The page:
There seems to be a lot of interest in gaming on Linux at the moment. Why do you think that is?
The surge in Linux gaming honestly looks like the second year of a major console, where all the games suddenly start pouring in and there’s finally a reason to buy the darned thing. Except, instead of 2 years, it was more like 20. Hopefully it won’t be another 10 years to get to year 3 when the console starts to live a bit more comfortably, but we’ll see.
There are definitely other factors to consider in there (Windows 8, perpetual closedness of current console platforms, etc.), but none of that would have really mattered if game devs didn’t take that first step of making Linux versions of their games.
They also briefly mention that Ethan is working on a port of Fez to Linux, which is awesome.
Read the full interview at gnome.org.
Speaking of internet video game download shoppes, IndieCity is coming to Linux soon and the right honorable Liam Dowe of Gaming On Linux has interviewed IndieCity’s Community Manager, Hannah Fordham:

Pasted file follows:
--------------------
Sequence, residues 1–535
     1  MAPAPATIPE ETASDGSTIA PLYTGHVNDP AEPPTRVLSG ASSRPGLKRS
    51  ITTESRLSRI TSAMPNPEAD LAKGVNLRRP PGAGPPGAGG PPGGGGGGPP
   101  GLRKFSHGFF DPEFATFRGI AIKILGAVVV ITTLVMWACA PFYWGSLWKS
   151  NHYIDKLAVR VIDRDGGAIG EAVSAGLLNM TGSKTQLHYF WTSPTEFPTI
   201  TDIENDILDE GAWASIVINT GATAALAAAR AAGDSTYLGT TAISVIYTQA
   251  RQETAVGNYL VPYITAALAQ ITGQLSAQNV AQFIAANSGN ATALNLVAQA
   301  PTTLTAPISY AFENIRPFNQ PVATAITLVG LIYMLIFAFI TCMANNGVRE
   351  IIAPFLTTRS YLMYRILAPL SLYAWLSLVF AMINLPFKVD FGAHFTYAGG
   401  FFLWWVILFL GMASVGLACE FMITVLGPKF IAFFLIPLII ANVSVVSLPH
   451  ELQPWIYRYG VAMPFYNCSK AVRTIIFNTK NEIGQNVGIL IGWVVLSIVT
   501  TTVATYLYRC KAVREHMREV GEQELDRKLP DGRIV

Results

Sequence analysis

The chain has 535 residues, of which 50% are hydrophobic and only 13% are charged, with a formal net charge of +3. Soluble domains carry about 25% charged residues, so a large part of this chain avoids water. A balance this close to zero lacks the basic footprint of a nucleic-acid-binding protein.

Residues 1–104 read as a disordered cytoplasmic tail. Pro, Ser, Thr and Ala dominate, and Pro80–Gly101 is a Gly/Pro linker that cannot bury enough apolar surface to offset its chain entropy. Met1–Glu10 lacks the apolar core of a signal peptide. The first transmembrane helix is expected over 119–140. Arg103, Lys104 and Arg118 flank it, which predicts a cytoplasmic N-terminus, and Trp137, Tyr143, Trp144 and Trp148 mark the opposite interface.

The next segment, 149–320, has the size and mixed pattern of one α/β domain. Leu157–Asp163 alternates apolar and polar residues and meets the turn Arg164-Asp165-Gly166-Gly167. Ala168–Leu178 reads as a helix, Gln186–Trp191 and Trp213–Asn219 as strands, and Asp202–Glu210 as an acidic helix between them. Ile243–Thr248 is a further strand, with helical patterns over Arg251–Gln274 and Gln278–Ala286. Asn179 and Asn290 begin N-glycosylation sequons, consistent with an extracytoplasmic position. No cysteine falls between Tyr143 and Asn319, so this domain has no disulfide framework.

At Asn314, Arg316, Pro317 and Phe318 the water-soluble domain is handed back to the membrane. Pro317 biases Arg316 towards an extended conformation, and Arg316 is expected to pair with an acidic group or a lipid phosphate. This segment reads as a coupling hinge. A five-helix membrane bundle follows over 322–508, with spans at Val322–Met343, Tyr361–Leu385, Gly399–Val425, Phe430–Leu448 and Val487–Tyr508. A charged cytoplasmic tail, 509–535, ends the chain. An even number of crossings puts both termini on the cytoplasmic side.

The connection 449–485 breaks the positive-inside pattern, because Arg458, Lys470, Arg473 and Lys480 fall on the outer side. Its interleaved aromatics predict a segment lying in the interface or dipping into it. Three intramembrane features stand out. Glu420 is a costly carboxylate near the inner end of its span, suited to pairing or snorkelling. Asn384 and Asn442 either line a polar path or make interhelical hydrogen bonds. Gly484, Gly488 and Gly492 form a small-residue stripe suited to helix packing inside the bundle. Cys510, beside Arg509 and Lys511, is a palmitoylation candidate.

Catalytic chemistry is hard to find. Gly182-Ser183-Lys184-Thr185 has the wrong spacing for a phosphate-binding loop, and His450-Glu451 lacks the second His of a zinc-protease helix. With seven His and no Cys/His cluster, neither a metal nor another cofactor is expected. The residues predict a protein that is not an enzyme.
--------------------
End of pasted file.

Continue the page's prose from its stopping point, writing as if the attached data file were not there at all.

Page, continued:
What makes it different to similar services like Steam and Desura?
From the moment we started IndieCity we’ve always been set on having no gatekeepers, so any indie games could get onto IndieCity regardless of whether the staff here happened to enjoy them or not. We want to be a marketplace on which any indie developer with any amount of experience, budget, size of team, etc. can release their projects.
Developers can release their content as “in progress” with no approval system at all, or they can put it through to the store as “complete” by going through our Community Approval Process (CAP). CAP testers just check that the content is packaged correctly, that it runs and is stable during their testing, and that it matches whatever the store page for it says (this is especially important for content descriptors and age ratings so that people are aware of what they are buying).
Indie game download store, Desura, just got taken off the circuit by Linden Lab. They’re the developer behind fursona simulator Second Life. Linden’s press release makes it clear that they’ve acquired the team behind Desura, but what isn’t clear yet is what this means for the future of the digital distribution platform. Thanks to GoL for the heads-up.